The National Center of Afro-American Artists (NCAAA) is a private, not-for-profit institution committed to preserving and fostering the cultural arts heritage of black peoples worldwide through arts teaching, and the presentation of professional works in all fine arts disciplines.
Responding to needs identified at a conference of black creative intellectuals convened at Columbia College in Chicago, Illinois, in 1967, Lewis conceived the NCAAA. It subsumed the Elma Lewis School of Fine Arts (ELSFA) which she had launched in 1950, thereby creating a teaching, performing and visual arts institution which would emphasize artistic excellence and the contribution of the arts to wholesome human development. Lewis intended the organization to be locally, nationally and internationally active in bringing black heritage in the arts to the world. More NCAAA History...
In the late 1970s, the ELSFA underwent a period of great financial stress resulting in staff and service reductions, and a transfer of facilities ownership from the ELSFA to the NCAAA. Compounding the problems was a fire which interrupted operations—except for the Museum which was housed elsewhere--at the turn of the 1980s. Use of the school building ended altogether after a second fire in 1984. Nevertheless, the Museum and Black Musical Productions remain vital divisions of the NCAAA.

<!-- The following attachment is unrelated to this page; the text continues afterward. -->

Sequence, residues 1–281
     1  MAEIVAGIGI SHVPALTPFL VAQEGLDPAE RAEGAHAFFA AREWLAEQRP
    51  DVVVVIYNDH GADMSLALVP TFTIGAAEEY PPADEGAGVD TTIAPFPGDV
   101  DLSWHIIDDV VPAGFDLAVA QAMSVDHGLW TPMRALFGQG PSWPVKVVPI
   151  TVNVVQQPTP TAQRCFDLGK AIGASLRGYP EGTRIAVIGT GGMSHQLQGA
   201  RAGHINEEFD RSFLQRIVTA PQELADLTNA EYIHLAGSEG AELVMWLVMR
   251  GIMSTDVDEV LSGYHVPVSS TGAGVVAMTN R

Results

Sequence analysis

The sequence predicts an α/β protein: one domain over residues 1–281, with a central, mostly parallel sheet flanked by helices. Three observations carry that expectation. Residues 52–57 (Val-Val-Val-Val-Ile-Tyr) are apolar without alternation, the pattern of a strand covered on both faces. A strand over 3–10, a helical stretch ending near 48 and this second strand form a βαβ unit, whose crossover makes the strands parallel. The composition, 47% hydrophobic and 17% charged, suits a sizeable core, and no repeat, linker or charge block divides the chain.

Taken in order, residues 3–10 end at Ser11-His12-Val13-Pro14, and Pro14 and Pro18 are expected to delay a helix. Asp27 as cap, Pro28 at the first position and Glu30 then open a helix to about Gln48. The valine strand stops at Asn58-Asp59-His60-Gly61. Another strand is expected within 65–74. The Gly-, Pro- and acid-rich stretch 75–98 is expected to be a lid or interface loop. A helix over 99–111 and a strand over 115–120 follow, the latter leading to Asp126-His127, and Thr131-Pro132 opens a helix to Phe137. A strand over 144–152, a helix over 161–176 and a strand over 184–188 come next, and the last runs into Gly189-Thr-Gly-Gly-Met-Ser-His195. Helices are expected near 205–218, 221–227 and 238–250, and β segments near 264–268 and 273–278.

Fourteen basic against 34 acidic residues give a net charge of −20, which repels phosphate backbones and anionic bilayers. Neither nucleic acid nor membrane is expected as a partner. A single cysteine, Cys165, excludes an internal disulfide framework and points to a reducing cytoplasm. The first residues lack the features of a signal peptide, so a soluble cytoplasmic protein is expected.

Under present plans, the NCAAA hopes to return to the scale and scope of its earlier operations, since its original mission remains compelling.
The NCAAA remains the largest independent black cultural arts institution in New England. It has forged an unbroken record of public service in the celebration of the world heritage of black people since 1968. Commitment to excellence in the arts and wholesome cultural development remain its hallmark.